Tapia Part III: Winning Hard Hearts With Specifics

    This is the last in a three-part interview with Colorado’s Joint Budget Committee Chairman Sen. Abel Tapia, who sat down earlier this week to talk with Colorado Confidential about some of the complexities of the state’s proposed $17 billion budget, which was unveiled last week after months of fine-tuning.

    CoCo: There have been some mixed opinions over piecemealing projects, that is, going to voters and saying, ‘we want you to pass this tax to pay for X’. On the other hand, in Colorado Springs as well as statewide, this has been done – and when voters have been presented with a package, they’ve said, ‘sure, we’ll pay for open space, sure we’ll pay for more law enforcement and firefighters but nope, we’re not going to pay for that.’

    What are your thoughts about this approach?

    Sen. Tapia: Voters are very discriminating when it comes to their taxes and how they’re going to be spent. And they won’t give government carte blanche on anything. We saw that on the water projects bill – which we could have done a lot of good things with, but [voters] just didn’t have trust in us.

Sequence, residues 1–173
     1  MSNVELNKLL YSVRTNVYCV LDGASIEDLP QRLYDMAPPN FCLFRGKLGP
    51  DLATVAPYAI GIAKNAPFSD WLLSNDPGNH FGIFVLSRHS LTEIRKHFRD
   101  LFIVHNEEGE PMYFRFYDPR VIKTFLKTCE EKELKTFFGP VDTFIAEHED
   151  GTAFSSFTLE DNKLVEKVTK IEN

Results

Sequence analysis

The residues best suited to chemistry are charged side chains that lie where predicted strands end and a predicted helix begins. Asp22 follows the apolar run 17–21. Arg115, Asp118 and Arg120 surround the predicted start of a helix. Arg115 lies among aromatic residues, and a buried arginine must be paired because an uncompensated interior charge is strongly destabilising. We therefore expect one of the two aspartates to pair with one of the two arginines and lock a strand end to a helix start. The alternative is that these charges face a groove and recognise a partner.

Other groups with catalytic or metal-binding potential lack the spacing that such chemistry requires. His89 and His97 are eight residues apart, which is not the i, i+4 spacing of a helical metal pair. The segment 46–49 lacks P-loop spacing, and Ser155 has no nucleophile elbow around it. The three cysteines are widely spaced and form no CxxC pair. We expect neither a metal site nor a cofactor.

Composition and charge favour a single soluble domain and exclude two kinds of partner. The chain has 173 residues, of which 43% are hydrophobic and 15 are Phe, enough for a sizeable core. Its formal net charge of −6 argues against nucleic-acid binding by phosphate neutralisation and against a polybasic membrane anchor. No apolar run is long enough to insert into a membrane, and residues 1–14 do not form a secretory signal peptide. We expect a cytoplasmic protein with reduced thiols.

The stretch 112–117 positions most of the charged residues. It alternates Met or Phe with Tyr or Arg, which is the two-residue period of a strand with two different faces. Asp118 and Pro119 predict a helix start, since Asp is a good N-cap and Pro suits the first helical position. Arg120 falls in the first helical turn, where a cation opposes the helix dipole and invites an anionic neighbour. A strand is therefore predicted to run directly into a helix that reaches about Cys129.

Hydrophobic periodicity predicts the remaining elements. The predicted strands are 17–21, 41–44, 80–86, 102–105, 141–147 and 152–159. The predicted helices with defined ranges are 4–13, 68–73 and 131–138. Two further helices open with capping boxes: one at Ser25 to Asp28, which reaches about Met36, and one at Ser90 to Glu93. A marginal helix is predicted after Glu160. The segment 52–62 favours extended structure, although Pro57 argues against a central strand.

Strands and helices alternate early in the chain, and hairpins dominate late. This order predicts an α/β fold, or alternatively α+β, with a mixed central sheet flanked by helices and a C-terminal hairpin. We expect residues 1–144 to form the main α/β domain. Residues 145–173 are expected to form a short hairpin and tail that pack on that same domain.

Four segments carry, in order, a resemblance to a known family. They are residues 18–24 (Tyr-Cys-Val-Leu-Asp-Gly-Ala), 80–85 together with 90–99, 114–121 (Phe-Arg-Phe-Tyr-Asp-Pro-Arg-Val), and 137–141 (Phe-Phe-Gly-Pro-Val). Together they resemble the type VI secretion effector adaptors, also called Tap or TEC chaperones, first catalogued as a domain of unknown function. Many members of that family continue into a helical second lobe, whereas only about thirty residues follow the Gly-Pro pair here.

I think the only reason Referendum C passed was because we said, ‘one-third is going to go for higher education, one-third to health care and one-third to K-12’ and they were OK with that. And I think that’s what we have to do. If we went out saying, ‘we want to raise government spending in general’, they wouldn’t go for it.

    CoCo: So what do you have in mind?

    Sen. Tapia: We want to do away with the six percent gap [as specified in TABOR]. We’re growing at a higher rate than six percent and that’s why we’re seeing the inequities that we’re seeing. We should have another measurement for growing government. You talk to anybody on the Joint Budget Committee – either Republicans or Democrats, past chairs Brad Young or Dave Owens, and everyone says you have to grow faster than six percent if you don’t want to fall behind.

    Six percent is not some magic … it’s just a number. It doesn’t reflect how our state is growing and there are essential items that government needs and you’ve got to allow it to grow. As I said,  if you went out and you tried to pass something on the ballot and you want to get rid of the six percent it would probably get defeated. But it might be different if you went out and you said, ‘we want to raises taxes specifically to get our higher ed funding up to the 25 percent level of education so that we can compete nationwide’. You have to tell people what you’re going to do with it.

    CoCo: Is the next request going to address higher education specifically?

    Sen. Tapia: The governor has a task force together on almost all